Lett's mystifying mistake sends a chill over Dallas

November 26, 1993|By Dallas Morning News

IRVING, Texas -- Pete Stoyanovich and the Miami Dolphins discovered a cure for the uncommon cold yesterday at Texas Stadium. When it appeared the Dolphins would finish a snowplow short of upsetting Dallas, Leon Lett made an unconscionable mistake that immediately lowered the wind-chill and dropped the Cowboys.

Cowboys defensive lineman Jimmie Jones seemed to clinch a 14-13 victory for the Cowboys when he blocked Stoyanovich's 41-yard field-goal attempt with 15 seconds left.

But with some teammates -- and owner Jerry Jones -- celebrating on the sideline and others standing around the ball at the 7, Lett suddenly came sliding in as if to recover and inadvertently kicked the football to the Dallas 1-yard line. The Dolphins' Jeff Dellenbach recovered, and Stoyanovich cleared himself a place on the icy turf and made a 19-yarder on the final play to defeat the Cowboys, 16-14.

"Look at the tape, and you'll see Thomas Everett, Darrin Smith and Darren Woodson, all those guys, waving their arms and getting away from the football," Cowboys special teams coach Joe Avezzano said in a subdued locker room.

"They don't do that by accident. It's not a rule anybody goes over every game, but it's touched on. Today, 11 guys didn't do what we really needed to do. We had 10 guys getting away from the ball, and we had one who didn't. I'm not sure anyone can explain why."

It was the most important, improbable and inexplicable miscue since the Super Bowl blooper in which Lett prematurely celebrated what should have been a 65-yard fumble recovery for a touchdown against the Buffalo Bills. But Don Beebe chased down Lett and knocked the ball from his grasp. Then the Cowboys had a 35-point lead. Their advantage yesterday was one point.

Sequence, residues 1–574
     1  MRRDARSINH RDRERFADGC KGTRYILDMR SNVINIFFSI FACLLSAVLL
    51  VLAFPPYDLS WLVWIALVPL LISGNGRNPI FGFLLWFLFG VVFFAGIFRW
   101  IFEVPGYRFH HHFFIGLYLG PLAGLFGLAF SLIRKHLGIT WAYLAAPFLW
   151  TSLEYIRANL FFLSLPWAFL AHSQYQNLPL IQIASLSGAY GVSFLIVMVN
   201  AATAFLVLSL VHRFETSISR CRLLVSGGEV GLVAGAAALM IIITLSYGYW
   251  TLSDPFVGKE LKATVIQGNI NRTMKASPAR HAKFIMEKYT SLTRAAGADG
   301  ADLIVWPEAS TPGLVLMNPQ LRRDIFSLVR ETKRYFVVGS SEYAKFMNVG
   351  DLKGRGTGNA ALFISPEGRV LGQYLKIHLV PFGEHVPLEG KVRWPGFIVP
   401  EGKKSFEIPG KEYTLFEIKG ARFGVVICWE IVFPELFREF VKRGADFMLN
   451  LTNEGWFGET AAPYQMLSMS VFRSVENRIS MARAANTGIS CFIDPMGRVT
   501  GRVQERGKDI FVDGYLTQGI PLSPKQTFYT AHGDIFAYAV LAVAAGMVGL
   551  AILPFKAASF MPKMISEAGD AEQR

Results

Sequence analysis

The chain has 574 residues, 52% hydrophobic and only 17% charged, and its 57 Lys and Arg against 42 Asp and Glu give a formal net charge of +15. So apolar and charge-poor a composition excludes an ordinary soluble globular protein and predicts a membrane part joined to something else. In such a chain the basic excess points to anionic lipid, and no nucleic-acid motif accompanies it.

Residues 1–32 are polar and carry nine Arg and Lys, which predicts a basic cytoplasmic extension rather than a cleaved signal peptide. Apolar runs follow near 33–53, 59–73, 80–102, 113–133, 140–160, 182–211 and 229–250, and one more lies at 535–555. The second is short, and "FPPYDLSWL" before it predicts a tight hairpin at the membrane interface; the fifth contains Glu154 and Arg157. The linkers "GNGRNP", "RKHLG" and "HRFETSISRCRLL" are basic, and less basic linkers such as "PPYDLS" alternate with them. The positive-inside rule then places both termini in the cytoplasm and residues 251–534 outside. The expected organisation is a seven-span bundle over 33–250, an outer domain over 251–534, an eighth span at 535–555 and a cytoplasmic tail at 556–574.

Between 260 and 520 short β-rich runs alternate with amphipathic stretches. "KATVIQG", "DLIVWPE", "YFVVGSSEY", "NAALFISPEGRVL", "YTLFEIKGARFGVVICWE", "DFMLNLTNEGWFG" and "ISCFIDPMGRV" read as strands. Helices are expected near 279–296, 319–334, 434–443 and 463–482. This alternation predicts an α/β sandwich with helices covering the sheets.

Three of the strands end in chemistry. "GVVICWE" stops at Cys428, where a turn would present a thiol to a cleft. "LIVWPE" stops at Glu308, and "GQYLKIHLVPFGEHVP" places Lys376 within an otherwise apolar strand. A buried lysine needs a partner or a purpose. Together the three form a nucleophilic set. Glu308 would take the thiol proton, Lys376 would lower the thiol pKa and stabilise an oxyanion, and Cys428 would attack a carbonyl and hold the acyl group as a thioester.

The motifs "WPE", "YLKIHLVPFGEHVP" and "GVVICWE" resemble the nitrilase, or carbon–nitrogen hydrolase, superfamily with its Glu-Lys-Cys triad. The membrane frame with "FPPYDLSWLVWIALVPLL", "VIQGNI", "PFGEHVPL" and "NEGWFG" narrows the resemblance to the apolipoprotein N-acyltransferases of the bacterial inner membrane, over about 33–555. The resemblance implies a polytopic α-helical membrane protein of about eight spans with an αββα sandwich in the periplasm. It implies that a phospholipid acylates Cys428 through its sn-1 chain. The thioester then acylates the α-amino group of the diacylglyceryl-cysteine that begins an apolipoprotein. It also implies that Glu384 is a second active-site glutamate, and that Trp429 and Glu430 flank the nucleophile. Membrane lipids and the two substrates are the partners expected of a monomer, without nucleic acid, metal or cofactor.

"I've won a lot of games and lost a lot of games," Cowboys special teams player Bill Bates said. "I've never lost one like that."

There were, to be sure, other Cowboys players who were unfamiliar with the rules on blocked kicks. Wide receiver Michael Irvin openly admitted he was uncertain.

But Lett, a $900,000-a-year defensive lineman, was the only player who attempted to touch the football, which occurred as most Cowboys players had run toward the sideline.

Lett, who as a down lineman does not have to attend special teams meetings, dressed in the shower area -- off limits to the media.

There was such confusion surrounding the decisive play that most Cowboys players were unaware of what Lett had done.

"I rushed and was behind the line of scrimmage, saw the ball batted and anyone in their right mind was celebrating if they knew the rules," said Kevin Smith. "Leon thought he had to recover the ball. It's not excusable, but it's understandable."

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